Objectives: SARS-CoV-2 T-cell response characterization represents a crucial issue for defining the role of immune protection against COVID-19. The aim of the study was to assess the SARS-CoV-2 T-cell response in a cohort of COVID-19 convalescent patients and in a group of unexposed subjects.
Methods: SARS-CoV-2 T-cell response was quantified from peripheral blood mononuclear cells (PBMCs) of 87 COVID-19 convalescent subjects (range 7-239 days after symptom onset) and 33 unexposed donors by ex vivo ELISpot assay. Follow-up of SARS-CoV-2 T-cell response was performed in ten subjects up to 12 months after symptom onset. The role of SARS-CoV-2 specific CD4 and CD8 T cells was characterized in a group of COVID-19 convalescent subjects. Moreover, neutralizing antibodies were determined in serum samples.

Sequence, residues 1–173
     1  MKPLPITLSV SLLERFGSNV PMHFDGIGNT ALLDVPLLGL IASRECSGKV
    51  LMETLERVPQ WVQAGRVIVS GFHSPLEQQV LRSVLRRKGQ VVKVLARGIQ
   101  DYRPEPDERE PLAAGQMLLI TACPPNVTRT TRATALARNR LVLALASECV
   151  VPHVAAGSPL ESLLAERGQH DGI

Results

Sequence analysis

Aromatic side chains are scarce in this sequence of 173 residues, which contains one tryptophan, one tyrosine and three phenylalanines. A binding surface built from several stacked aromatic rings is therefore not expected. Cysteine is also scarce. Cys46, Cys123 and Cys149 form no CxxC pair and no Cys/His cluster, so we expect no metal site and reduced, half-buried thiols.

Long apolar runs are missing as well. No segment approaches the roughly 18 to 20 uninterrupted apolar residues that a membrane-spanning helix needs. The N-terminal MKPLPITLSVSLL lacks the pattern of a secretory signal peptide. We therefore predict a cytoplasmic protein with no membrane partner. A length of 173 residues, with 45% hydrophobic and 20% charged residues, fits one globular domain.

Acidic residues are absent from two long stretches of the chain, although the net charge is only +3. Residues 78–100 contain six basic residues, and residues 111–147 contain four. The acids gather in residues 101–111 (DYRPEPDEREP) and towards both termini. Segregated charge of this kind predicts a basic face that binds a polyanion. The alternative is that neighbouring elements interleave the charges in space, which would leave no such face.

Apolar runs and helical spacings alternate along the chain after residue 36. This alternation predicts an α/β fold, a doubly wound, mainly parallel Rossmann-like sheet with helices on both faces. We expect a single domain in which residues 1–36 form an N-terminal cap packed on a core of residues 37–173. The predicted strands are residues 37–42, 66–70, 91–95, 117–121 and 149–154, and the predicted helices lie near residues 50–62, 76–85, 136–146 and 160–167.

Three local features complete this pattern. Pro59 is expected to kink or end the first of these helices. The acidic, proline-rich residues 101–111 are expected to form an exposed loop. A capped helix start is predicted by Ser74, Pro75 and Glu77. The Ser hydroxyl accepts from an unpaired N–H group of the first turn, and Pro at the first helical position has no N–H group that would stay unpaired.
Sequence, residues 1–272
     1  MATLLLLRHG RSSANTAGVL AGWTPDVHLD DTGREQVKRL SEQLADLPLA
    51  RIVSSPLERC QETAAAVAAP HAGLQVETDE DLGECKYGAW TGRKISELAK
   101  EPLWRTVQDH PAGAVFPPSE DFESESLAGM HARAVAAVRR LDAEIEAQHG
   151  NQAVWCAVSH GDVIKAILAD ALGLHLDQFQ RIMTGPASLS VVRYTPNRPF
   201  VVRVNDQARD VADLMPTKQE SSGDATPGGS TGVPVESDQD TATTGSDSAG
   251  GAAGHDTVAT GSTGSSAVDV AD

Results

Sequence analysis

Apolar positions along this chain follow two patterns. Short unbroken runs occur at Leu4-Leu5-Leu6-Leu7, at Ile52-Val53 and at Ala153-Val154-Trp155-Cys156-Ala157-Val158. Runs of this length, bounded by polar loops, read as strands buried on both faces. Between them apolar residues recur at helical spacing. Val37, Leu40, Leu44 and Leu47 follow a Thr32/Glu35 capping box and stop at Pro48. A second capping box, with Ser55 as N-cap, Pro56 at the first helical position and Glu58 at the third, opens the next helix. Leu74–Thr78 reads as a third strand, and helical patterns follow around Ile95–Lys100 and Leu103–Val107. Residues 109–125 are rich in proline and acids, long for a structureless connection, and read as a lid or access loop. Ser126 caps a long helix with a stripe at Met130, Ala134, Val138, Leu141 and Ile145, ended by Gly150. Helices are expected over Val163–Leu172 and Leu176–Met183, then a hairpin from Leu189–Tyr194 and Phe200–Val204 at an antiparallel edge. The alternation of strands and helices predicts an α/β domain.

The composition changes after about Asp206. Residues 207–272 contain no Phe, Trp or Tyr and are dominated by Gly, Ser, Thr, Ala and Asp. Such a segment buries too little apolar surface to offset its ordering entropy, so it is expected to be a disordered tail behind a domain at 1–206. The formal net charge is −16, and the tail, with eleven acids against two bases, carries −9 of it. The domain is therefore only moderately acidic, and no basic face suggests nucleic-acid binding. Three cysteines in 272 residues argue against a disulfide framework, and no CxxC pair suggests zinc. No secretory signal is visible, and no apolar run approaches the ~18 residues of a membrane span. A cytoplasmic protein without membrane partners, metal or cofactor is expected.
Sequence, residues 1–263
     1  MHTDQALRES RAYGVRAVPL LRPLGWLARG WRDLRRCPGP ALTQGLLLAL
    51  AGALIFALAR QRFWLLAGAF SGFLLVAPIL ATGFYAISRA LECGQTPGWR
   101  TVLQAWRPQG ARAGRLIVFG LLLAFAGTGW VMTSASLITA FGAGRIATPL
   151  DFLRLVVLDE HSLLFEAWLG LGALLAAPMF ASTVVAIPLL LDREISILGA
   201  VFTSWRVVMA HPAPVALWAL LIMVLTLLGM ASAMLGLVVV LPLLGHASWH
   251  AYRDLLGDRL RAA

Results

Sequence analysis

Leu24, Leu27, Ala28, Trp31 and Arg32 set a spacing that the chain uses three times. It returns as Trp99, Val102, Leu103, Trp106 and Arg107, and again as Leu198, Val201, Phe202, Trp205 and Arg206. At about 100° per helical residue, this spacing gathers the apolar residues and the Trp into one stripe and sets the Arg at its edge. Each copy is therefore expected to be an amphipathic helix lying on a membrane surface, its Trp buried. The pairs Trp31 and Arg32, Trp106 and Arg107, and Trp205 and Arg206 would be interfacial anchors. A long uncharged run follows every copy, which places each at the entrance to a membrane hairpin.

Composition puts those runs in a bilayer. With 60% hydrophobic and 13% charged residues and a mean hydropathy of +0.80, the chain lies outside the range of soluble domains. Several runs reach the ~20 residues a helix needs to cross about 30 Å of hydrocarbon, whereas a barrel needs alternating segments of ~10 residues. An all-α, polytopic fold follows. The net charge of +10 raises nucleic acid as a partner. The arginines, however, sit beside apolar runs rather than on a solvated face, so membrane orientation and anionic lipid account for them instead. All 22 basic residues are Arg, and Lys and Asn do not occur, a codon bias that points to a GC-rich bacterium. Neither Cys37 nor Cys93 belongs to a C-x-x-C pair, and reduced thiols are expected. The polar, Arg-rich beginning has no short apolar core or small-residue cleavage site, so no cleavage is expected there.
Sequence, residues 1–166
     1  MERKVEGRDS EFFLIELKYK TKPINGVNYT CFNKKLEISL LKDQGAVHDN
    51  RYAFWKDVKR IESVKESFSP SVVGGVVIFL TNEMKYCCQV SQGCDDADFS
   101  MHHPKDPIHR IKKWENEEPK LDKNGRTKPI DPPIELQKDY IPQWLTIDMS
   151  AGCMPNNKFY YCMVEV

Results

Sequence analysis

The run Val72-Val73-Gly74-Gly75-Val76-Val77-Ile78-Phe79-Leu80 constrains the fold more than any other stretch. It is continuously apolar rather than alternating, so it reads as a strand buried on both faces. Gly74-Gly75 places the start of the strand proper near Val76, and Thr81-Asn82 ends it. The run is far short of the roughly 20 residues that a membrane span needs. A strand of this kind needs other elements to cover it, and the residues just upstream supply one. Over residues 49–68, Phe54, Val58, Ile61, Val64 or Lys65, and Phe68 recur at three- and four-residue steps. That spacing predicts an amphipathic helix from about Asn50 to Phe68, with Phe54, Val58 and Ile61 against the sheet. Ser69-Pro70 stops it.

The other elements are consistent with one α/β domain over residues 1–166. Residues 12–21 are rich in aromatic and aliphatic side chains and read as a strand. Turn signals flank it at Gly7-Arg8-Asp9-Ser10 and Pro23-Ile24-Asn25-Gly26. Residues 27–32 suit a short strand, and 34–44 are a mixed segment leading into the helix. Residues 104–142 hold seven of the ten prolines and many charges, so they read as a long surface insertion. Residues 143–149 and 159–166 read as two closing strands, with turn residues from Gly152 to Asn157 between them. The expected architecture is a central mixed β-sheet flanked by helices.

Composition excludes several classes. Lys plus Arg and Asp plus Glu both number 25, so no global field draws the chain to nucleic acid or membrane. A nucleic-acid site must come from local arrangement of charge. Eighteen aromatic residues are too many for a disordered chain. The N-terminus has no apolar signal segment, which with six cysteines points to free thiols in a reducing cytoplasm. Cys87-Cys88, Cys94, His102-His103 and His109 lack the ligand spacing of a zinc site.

Results: In 14/33 (42.4%) unexposed donors and 85/87 (97.7%) COVID-19 convalescent subjects a positive result for at least one SARS-CoV-2 antigen was observed. A positive response was observed up to 12 months after COVID-19 infection (median 246 days after symptom onset; range 118-362 days). Of note, SARS-CoV-2 T-cell response seems to be mainly mediated by CD4 T cells. A weak positive correlation was observed between Spike-specific T-cell response and neutralizing antibody titre (p 0.0028; r2 = 0.2891) and positive SARS-CoV-2 T-cell response was observed in 8/9 (88.9%) COVID-19 convalescent subjects with undetectable SARS-CoV-2 neutralizing antibodies.
Discussion: Cross-reactive SARS-CoV-2 T-cell response in uninfected patients may be due to previous infections with other common coronaviruses. Our data suggest that long-term SARS-CoV-2 T-cell response might accompany a waning humoral response.
Keywords: ELISpot; Humoral response; Neutralizing antibodies; SARS-CoV-2; T-cell response.
Copyright © 2021 European Society of Clinical Microbiology and Infectious Diseases. Published by Elsevier Ltd. All rights reserved.